A: Well it’s a weekly approach. Like I said, a lot of respect for our opponent, [but it] doesn’t change how we approach every week, the standard that we set for ourselves, remains the same every week. We focus on what we do, how we can improve our vision, our process, how we’re building, and that’s really what we focus on. There’s only so many things you can control, so that’s what we focus on.

Q: Much like the drought, and how people want to talk about it, but yet there’s guys that haven’t been here and you have to balance that out – it’s not on them, you want to focus on what you’re doing – it’s the same thing with the Patriots. It’s this week where they’re going to be hammered all week with the dominance of this team over the Bills over the last ‘whatever’ years, [some of] these guys weren’t here for that. how do you balance that out, ‘it’s not you,’ but at the same time you have to recognize that this has been the team that has dominated the Bills for so long?
A: I understand that that’s been a part of the past, and I respect the past. That said, we’re focused on right now and where we’re going as an organization; the vision for this organization the vision for our football team, our entire building. It’s one day at a time, it’s building towards what we’re trying to become. They’ve been to where we’re trying to get to, and they’ve been there for a long time. That goes without say. We just have to focus on our process and continue to grow each and every day, learn from what we didn’t do well yesterday, and help use that to make us better in the future and tomorrow; continue to grow. I’m confident in these guys, I’m confident they’ll put in the work this week, just like they do every week.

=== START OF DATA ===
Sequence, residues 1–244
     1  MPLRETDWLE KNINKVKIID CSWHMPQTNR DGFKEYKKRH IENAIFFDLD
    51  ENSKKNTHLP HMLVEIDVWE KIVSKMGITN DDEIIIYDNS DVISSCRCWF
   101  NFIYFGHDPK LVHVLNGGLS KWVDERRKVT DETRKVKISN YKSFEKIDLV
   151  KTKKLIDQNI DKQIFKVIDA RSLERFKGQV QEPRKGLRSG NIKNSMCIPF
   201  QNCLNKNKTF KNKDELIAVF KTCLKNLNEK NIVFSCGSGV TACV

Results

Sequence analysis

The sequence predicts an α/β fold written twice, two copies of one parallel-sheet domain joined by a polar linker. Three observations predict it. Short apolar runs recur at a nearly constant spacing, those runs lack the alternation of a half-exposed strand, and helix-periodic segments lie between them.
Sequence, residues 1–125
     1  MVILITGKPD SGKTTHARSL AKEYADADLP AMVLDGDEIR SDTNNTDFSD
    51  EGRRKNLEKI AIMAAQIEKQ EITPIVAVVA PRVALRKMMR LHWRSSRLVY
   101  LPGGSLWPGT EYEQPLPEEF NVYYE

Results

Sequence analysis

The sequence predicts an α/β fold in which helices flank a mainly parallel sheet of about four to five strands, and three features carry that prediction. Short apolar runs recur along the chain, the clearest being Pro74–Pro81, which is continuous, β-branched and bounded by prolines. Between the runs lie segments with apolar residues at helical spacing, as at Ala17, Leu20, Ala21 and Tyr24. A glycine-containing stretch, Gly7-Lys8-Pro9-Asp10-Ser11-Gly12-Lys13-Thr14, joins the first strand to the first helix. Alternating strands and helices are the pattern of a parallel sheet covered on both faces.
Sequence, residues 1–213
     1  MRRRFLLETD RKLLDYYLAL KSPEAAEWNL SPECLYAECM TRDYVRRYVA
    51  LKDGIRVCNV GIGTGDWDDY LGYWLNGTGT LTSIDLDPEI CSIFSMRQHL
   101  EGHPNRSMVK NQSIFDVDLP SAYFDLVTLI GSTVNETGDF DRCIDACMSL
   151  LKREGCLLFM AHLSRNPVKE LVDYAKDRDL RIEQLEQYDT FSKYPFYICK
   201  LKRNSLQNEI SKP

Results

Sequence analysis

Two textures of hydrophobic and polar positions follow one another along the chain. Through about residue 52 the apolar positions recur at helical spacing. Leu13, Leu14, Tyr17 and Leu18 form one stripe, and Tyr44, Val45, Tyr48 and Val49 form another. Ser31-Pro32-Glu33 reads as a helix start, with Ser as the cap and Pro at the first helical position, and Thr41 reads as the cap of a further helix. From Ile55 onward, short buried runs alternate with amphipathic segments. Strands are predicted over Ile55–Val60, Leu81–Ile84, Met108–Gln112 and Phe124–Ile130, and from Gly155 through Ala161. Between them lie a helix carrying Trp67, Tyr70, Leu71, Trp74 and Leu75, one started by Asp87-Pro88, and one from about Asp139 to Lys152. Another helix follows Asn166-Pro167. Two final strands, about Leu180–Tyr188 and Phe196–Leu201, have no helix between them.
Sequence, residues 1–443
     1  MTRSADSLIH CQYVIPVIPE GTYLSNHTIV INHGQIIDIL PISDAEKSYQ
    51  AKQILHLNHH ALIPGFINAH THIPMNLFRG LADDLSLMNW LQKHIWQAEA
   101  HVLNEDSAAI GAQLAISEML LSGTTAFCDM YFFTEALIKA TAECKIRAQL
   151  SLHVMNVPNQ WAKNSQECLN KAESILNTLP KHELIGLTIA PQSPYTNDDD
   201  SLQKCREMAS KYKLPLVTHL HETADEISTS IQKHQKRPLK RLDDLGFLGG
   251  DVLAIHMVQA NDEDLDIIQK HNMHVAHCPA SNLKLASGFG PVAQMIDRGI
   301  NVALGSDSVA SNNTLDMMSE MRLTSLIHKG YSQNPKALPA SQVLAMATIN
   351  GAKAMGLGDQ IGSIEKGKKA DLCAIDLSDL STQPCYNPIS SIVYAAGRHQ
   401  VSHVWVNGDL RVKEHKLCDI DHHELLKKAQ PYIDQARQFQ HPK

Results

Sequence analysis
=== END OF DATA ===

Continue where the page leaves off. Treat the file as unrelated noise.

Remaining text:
Q: The beginning of this season, the Patriots defense was not good at all. After the first couple week, though, they really turned it around and [now], they’re one of the best in the league. How impressive has that turnaround been?
A: You go through, like you’ve heard me say before, you go through things that challenge you in a duration of a season, whether it’s offense, defense, special teams, or as a team. They went through a little deal early in the year where they had some things defensively, and it appears they’ve gotten them corrected. That’s what you’re there for, to adjust and make your team better. For us, no different. We have to continue to grow, continue to focus on the fundamentals, the techniques; continue to focus on our day-to-day growth, and how we’re learning and becoming a better, stronger football team. Which, and I’ll say, one of them is, is our young players have played a lot and that’s a good thing. When you look at their snap counts and the percentage of the time our young guys have played, that again, is a good thing for our future in terms of where we’re going, how we’re building and our vision.

Q: When it comes to picking your poison versus a quarterback like Tom Brady, some folks like to drop back, some folks like to pressure him. The Dolphins pressured him a lot, hit him a lot, yet, still lost 35-17. How do you balance your approach in knowing what Tom Brady can do?
A: Well there lies the problem, the challenge. You see some people pressure, and they put up 35. You see some people stay back, and they put up 35, or 40, or 50. I don’t think there’s exact formula out there, and that’s why they’ve gotten to where they’ve gotten to over the years.

Q: How impressed are you with the fact that he’s held seven straight teams to 17 points or less after giving up the most points in the league for the first month?
A: It’s a credit to all the people in their building; the coaches, the players. That’s impressive.